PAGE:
During this year’s debate, as in most of Trade and Industry’s debates in the past and almost certainly in the future, the issue of the importance of economic growth and foreign investment will be central and rightly so.
South Africans, business, government, including this department of Trade and Industry, the private sector, all working together have made sufficient progress on economic growth and structural reforms – but political instability has put us on a slippery slope towards a self-perpetuating, vicious cycle of abject poverty and increasing inequality.
For DTI more directly, business and consumers are battling to cope in this low growth environment, while the spectre of additional interest and fuel prices hikes looms, threating to curb constrained spending even further.
This will affect our position on ease of doing business even further as South Africa’s growth largely hinges on spending.
The National Credit Regulator is doing its best to protect consumers against exploitation and in communicating the perils of over indebtedness and its consequences.
In the real world, consumers are continuously driven in this current financial climate by feelings of anxiety about their ability to make ends meet and this unfortunately drives them to even more desperate measures especially in securing more debt and borrowing even more expensive money.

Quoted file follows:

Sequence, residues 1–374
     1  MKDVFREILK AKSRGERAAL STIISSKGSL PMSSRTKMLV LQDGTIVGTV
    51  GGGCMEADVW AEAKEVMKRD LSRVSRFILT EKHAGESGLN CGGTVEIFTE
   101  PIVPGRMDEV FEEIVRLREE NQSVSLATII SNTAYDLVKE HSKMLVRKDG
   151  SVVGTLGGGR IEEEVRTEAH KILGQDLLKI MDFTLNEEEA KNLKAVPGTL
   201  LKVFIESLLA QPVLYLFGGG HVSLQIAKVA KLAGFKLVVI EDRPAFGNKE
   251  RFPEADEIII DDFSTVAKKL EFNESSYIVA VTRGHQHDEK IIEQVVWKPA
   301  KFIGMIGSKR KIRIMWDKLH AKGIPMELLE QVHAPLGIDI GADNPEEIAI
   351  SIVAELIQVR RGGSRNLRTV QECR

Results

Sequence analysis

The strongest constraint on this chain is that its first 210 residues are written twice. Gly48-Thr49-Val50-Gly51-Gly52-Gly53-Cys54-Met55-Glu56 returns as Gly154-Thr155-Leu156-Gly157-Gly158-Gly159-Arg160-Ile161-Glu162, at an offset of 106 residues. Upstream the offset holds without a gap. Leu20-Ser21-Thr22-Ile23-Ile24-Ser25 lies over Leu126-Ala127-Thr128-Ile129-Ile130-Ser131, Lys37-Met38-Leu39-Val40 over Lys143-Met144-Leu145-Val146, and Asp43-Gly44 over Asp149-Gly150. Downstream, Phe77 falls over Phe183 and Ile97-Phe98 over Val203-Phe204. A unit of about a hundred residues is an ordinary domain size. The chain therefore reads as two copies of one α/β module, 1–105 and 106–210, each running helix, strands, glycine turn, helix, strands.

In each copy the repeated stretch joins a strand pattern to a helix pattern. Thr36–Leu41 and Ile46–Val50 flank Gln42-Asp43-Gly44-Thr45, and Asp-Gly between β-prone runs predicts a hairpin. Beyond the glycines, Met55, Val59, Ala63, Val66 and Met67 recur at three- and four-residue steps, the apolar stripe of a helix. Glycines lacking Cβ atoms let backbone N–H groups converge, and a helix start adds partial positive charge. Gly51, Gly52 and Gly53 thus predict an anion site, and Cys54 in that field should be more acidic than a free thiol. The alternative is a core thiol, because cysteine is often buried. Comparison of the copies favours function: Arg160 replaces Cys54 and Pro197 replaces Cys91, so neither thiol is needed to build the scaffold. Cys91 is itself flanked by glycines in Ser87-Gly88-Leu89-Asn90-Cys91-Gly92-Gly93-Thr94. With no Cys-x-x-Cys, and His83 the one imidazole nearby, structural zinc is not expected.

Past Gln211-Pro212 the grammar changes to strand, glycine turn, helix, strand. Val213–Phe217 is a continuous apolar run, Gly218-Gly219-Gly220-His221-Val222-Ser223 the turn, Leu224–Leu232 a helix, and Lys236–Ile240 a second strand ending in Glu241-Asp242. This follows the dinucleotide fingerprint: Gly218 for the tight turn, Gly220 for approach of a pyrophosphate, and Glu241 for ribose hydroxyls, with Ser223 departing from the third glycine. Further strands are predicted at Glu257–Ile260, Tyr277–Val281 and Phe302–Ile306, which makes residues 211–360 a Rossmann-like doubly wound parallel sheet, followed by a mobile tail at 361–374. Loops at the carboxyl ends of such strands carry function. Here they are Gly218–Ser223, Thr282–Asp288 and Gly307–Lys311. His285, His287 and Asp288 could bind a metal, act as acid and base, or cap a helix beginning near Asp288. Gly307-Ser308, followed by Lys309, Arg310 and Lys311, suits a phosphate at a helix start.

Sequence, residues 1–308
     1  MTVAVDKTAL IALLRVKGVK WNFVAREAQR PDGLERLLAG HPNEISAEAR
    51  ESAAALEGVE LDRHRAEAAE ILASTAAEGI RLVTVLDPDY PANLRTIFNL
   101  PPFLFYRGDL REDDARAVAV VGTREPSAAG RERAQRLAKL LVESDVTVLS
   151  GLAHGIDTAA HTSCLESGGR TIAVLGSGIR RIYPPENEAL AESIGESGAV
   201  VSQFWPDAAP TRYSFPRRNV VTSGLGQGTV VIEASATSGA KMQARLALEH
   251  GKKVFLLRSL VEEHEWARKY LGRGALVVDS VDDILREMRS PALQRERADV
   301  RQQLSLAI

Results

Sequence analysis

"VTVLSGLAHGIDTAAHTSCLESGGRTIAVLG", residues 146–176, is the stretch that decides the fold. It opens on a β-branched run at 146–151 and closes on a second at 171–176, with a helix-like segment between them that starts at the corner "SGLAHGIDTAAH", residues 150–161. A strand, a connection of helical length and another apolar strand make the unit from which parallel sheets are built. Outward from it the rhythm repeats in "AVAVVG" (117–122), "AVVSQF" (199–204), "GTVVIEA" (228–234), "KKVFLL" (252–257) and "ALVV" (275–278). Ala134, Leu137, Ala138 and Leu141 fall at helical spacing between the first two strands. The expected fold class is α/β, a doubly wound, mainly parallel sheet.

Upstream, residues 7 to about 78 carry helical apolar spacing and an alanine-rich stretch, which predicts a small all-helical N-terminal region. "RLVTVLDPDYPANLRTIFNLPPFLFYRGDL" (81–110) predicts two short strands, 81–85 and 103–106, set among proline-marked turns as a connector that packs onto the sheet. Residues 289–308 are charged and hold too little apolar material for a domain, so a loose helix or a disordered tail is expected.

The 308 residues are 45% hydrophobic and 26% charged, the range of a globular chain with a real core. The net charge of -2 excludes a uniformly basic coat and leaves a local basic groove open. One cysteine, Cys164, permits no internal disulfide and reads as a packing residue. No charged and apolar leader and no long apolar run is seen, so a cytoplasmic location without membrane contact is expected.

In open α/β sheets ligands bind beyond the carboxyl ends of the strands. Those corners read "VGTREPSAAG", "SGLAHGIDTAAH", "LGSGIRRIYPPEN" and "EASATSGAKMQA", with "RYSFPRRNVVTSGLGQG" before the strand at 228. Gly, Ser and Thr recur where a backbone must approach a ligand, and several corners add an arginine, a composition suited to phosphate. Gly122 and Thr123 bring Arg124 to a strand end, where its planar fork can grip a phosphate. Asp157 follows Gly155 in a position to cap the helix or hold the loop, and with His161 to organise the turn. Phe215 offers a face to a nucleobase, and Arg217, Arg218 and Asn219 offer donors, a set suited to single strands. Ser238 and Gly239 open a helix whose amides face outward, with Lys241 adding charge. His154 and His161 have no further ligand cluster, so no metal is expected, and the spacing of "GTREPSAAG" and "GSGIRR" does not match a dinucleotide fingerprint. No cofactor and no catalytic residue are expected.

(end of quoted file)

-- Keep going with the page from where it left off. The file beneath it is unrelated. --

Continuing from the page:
Government has started creating a new class of black industrialist through the DTI, which has not really had the intended effect or success, creating a new elite isn’t an obvious panacea for the jobless masses anyway!
Further regulation of the steel industry won’t work either, there are always unintended and unforeseen consequences. The custom duty introduced last year already serves as a slow poison, killing the downstream industries.
Multinational motor groups were expected to invest approximately R8 billion into local manufacturing operations this year. This will probably not happen, as apart from political instability, Min Davies policy enforcement, local content up to 60% from unskilled manufacturers, and the proposed empowerment code as it stands, is unworkable and would be forcing this R50 billion vehicle manufacturing industry to leave, leaving up to 200 000 people unemployed. Just last week we saw GM announce that it will shutting down operations in SA by 2018.
Through special economic zones and other measures, government desperately wants to create new jobs. But these intentions are crippled by policies and practices that were designed to achieve other political ends.
Until we wipe those away we won’t see any meaningful shift in the unemployment rate
The Dti must now realize that welfare policies only affect a selective few and do not positively promote economic growth or job creation.
Around us countries like Botswana adopted a pro-business and free-market based approach. This department should be the grand advocate of business and market concerns within the collegial thinking of cabinet, but it is not.
It kow·tows along with the mindset of a welfare state which will never become a developmental state.
In conclusion, we believe that if we are honest about wanting to create a genuinely viable and internationally competitive industrial basis for our country, we must provide short-term incentives, subject to review and penalty clauses.
I thank you.
Hon JA Esterhuizen, MP, on 083 379 2391